The Government’s War on Strippers


I’m not a huge fan of strip clubs.

When I was in my early twenties, and still incapable of getting laid on a regular basis, they were mildly entertaining. But these days, I just don’t see the point in dropping $100 for a couple of lap dances. It’s a massive waste of money, especially considering you can watch porn for free.

But hey, that’s just my take. And certainly I fault no man or woman for spending time at a strip club. What you do with your money is your business. But if a few tax-hungry lawmakers in Florida get their way, it could also be the state’s business.

Degenerate Outcasts

According to the Orlando Sentinel, there’s a new measure being proposed in Florida that would impose a $10 entry fee on top of any other existing admission charges for strip clubs. As well, it would require these businesses to keep records of customers.

Can you imagine going into a strip club and having to give your name along with a special $10 tax?

You know, I’m so sick and tired of strippers and strip club patrons being treated as degenerate outcasts. It just seems like every person that’s somehow involved in the adult entertainment industry is constantly under scrutiny from both the morality police and tax collectors who know that most folks won’t fight aggression against strippers, porn stars and escorts.

The bottom line is that theft is theft. I don’t care if the government steals from an accountant, a school teacher or beautiful woman who shakes her tits for a living. To target one individual for increased theft over another, based on chosen occupation, takes this exercise in tyranny to a completely different level.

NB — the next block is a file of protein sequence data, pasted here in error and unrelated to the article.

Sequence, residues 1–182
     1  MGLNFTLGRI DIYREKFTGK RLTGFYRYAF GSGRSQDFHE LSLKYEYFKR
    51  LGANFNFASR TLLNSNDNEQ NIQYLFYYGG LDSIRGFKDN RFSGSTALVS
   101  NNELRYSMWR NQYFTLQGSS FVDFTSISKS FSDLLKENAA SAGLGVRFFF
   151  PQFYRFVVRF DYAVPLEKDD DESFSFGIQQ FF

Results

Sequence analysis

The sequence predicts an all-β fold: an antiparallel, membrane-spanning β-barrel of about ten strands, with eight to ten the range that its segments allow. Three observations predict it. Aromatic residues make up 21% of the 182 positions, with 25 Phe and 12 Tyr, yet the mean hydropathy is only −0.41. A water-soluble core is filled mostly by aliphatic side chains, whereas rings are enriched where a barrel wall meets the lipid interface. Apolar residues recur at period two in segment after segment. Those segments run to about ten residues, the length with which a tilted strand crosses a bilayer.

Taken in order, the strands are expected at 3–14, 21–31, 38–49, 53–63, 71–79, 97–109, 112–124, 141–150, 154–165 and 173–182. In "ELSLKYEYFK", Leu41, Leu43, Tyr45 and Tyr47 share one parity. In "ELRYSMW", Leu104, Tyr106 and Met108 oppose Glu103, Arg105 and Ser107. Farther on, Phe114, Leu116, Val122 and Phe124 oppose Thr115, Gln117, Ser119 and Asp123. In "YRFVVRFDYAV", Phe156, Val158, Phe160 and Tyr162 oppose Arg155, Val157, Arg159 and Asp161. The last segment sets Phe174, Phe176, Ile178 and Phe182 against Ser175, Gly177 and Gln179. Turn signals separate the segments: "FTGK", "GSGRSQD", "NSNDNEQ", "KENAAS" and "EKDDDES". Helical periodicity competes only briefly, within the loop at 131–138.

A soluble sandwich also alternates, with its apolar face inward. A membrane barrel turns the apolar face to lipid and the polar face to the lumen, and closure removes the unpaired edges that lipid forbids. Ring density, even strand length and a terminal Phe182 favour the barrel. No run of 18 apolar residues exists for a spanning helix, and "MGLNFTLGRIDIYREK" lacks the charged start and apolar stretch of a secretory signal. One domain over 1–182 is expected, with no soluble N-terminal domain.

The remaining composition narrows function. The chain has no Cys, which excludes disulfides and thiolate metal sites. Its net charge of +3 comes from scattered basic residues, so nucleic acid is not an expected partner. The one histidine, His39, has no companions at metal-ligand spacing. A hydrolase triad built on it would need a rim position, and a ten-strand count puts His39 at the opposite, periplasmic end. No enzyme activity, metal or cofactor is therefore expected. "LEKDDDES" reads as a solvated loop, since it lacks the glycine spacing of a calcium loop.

But it’s only a sin tax, right?

Fuck that!

If we want to be real about “sin” taxes, I propose an 80% tax on all income for lawmakers who pimp themselves out for campaign contributions. Ignoring an oath to protect the Constitution in exchange for some filthy lucre is a much bigger sin than smoking, drinking or paying for a blow job. Although I don’t really find Marlboros, bourbon or consensual oral sex to be sinful.

The Legitimacy of Strip Clubs

Much like most tax scams, this one is being paraded around as a way to raise money for a fund that helps victims of human trafficking.

Matt Gaetz, the chairman of the House Finance and Tax Committee said he’s confident that there’s some link between illegal human trafficking and the adult entertainment industry.

What he fails to mention, however, is that these human trafficking abuses aren’t monopolized by the adult entertainment industry, and in fact, probably have nothing to do with the legitimate adult entrainment industry at all – which of course, is often hurt the most by government threats of theft and violence.

If Gaetz is down for a “sin” tax for strip clubs – in an effort to raise funds for victims of human trafficking, then shouldn’t he be down for “sin” taxes on any industry where human trafficking is common? These would include:

  • Agriculture
  • Domestic service
  • Construction
  • Transportation
  • Restaurants
  • Sweatshops

How about a $10 fee for iPhones, apples and sweatshirts, too?

While I find few things more honorable than fighting against the plague of human trafficking, this is not something the government can fix by stealing ten bucks from strip club patrons and invading their privacy. As well, the fact that only strip clubs are being targeted tells me that this has a lot more to do with lawmakers trying to institute some kind of moral code than it does with helping victims of human trafficking.

In fact, committee member Scott Placon actually said that the legislation would give strip clubs the legitimacy they don’t deserve.

While Placon seems to oppose the legislation, for which he should be applauded, his statement about legitimacy speaks volumes about this issue. He’s not the only one who feels this way. But why aren’t strip clubs legitimate? They provide a service, they provide employment, and they pay their taxes. Strip clubs are no less legitimate than grocery stores and restaurants.

Truth is, if these lawmakers want to talk about legitimacy, they should be careful, as one could easily argue against the legitimacy of the very government they work for.